verb (adverb), informal
To be in a heightened emotional state, such as that of fear or excitement.
What I learnt recently, is that even those who seem (and probably) are very emotionally strong, have moments, days, weeks or even longer periods of freaking out.
It’s in our nature to have a variety of good and bad emotions that come in and out of our minds, sometimes triggered by external factors (e.g. weather, changes in situations, other people’s behaviour, (un)fortunate events or things that happened too quickly for us to process), and other times internal factors (e.g. our mental or physical health, being tired, stressed from work or life).
For instance, people can freak out at their own weddings, even if they know deep down that they are marrying the right person, everything is organised and under control, everyone is happy. However somehow, on D-day, some people run away, don’t show up, or take a while before making it their way to the wedding… because they are freaking out. We’ve seen it in movies, but it’s apparently a thing.
Recently, I had a number of good things happening to me (after a loooong time), and instead of basking in joy, I freaked out. A good friend of mine reminded me that everything I mentioned to them at the time was actually: good. I just happened to be overwhelmed by it all and had to process a mixture of excitement + fear of losing it all.
Sometimes, it may also be the case that there are a mixture of types of emotions in your mind and the confusion and lack of control over understanding your own thoughts and being able to categorise them, results in… freaking out.
In my opinion, I suggest building a visual or a framework to help you pin-point the main causes of your freak out. Here are some examples of how we can use two emotions to monitor our mind in such situations:
1. BUYING A PROPERTY
Buying a new house = Excitement (of becoming a homeowner) + Fear (of affordability) + Lack of control (over all the organisation + paperwork)
Analysis: majority of the freak out is due to a positive emotion, and acknowledging this could help you feel better. You also have a clearer view of where to focus your actions and efforts e.g. spend an hour over the weekend mapping out all the bills, service providers and budget for them to make yourself feel more in control of the situation going forward.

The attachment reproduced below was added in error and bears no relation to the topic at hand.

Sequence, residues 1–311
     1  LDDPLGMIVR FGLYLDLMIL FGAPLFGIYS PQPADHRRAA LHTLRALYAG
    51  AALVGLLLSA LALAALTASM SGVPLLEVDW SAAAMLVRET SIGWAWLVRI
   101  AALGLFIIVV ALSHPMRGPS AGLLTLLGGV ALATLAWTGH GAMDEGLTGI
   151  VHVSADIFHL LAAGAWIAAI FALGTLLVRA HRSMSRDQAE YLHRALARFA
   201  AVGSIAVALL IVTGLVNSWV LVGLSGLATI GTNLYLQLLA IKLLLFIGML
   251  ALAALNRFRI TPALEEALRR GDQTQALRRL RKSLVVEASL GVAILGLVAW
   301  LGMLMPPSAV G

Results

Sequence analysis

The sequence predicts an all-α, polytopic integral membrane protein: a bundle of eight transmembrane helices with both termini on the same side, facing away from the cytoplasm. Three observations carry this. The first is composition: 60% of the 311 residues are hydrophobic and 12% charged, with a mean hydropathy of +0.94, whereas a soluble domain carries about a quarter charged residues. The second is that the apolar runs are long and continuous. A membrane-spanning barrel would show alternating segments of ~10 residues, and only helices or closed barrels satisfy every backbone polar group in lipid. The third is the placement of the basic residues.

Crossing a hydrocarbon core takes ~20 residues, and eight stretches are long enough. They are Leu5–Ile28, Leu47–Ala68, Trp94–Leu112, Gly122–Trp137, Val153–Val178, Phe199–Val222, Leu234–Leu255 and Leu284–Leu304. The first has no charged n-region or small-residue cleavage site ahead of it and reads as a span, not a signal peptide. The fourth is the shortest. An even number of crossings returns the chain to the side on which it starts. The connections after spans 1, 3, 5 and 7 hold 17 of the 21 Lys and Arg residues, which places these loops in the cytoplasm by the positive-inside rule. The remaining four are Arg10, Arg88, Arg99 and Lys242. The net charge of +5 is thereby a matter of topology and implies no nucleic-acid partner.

Once you’ve done that, start enjoying the excitement of moving into a new home with all the fun of decorating it and making it your home.
2. new relationships
Getting into a new relationship = Excitement (of finding potential love) + Fear (of being hurt, losing independence)
Analysis: depending on how well you may have dealt with being hurt, or how good or bad your past relationships have been (if applicable), the value you put under that category for a new relationship could vary. The effect on laying out the factors behind you freaking out, could help with conversations with your new partner and can help them understand you and your actions better.
3. CHANGING JOBS
Changing jobs = Excitement (of a hopefully better salary, change of scene, better responsibilities) + Fear (of leaving existing friends and colleagues, leaving your comfort zone, not knowing what to expect, failure)
Analysis: we need to remember that in most cases, the main reason why you even considered moving jobs, is that there may be something(s) that is or aren’t quite right in your existing job. For instance you may be underpaid, overworked, underworked, lacking motivation, not feeling like you’re contributing, not being recognised, not having a great boss or team, or not fitting in, etc. If any of these are persistently in your mind over say, 12 months or more it may be a signal towards looking for a new job.
However, it’s probably a bad idea to move to another job that is equally bad or worse, consciously, just for the sake of leaving your current job.
Then comes the freak out on whether the new job is going to be good or not and worth making the move. My article on how to find out if you’re in the right job covers other more specific frameworks. But for the sake of this article, if your excitement level is reinforced by good signs from the new job, then you can make a more informed and calculated risk.
10 quick ways to stop freaking out
There are also times when we freak out, with no particular reason. Here are 10 quick ways to try to calm down in moments of freaking out or panic:
my secret life wheel
If you've made it all the way through this article, I have a gift for you...
I use this wheel to draw out where I think I am in my life at the moment, what areas may need some extra attention and hence be the reason behind a potential freak out.
Instructions: Rate yourself in terms of how good you feel about where you are in 8 key areas of your life between 0 – 10, 10 being the best and 0 the worst.
When you mark yourself out of 10 in each of these areas, you can quickly identify those where you need to focus your attention on in the near future i.e. anything that rates 0 – 6 on the scale. This is a visual way of diagnosing what’s happening in your life and mind, and what the root cause(s) of your freak outs may be.
I hope you found this article helpful and if so, you may find the ones below worth a read too. Enjoy!